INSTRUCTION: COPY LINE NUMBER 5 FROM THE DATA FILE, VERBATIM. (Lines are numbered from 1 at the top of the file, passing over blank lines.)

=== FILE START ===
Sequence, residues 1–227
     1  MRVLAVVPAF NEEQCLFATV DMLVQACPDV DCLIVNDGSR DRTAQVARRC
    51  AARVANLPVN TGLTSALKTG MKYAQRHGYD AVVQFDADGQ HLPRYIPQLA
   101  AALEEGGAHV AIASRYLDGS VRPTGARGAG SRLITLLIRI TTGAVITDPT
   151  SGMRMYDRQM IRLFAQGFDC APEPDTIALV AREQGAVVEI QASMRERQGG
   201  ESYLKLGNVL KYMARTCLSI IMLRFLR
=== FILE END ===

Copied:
   151  SGMRMYDRQM IRLFAQGFDC APEPDTIALV AREQGAVVEI QASMRERQGG